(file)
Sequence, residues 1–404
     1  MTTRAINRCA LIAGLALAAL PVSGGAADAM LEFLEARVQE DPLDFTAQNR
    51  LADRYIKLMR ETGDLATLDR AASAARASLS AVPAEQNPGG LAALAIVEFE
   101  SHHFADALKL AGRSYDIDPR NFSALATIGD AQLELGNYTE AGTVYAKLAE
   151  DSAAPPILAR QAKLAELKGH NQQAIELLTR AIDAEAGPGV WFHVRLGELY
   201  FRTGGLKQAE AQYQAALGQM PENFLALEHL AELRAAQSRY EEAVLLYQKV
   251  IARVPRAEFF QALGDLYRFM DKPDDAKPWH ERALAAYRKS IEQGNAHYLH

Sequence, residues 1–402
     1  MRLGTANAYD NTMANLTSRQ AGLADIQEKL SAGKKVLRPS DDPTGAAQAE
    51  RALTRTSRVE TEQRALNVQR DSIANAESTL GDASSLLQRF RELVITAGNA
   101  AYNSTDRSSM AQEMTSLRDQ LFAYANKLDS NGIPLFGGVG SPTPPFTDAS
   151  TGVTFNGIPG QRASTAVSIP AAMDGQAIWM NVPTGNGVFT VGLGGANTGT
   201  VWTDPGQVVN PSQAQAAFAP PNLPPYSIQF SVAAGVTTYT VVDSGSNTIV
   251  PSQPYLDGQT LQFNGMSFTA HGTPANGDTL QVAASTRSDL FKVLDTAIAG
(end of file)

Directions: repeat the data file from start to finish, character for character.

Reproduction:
Sequence, residues 1–404
     1  MTTRAINRCA LIAGLALAAL PVSGGAADAM LEFLEARVQE DPLDFTAQNR
    51  LADRYIKLMR ETGDLATLDR AASAARASLS AVPAEQNPGG LAALAIVEFE
   101  SHHFADALKL AGRSYDIDPR NFSALATIGD AQLELGNYTE AGTVYAKLAE
   151  DSAAPPILAR QAKLAELKGH NQQAIELLTR AIDAEAGPGV WFHVRLGELY
   201  FRTGGLKQAE AQYQAALGQM PENFLALEHL AELRAAQSRY EEAVLLYQKV
   251  IARVPRAEFF QALGDLYRFM DKPDDAKPWH ERALAAYRKS IEQGNAHYLH

Sequence, residues 1–402
     1  MRLGTANAYD NTMANLTSRQ AGLADIQEKL SAGKKVLRPS DDPTGAAQAE
    51  RALTRTSRVE TEQRALNVQR DSIANAESTL GDASSLLQRF RELVITAGNA
   101  AYNSTDRSSM AQEMTSLRDQ LFAYANKLDS NGIPLFGGVG SPTPPFTDAS
   151  TGVTFNGIPG QRASTAVSIP AAMDGQAIWM NVPTGNGVFT VGLGGANTGT
   201  VWTDPGQVVN PSQAQAAFAP PNLPPYSIQF SVAAGVTTYT VVDSGSNTIV
   251  PSQPYLDGQT LQFNGMSFTA HGTPANGDTL QVAASTRSDL FKVLDTAIAG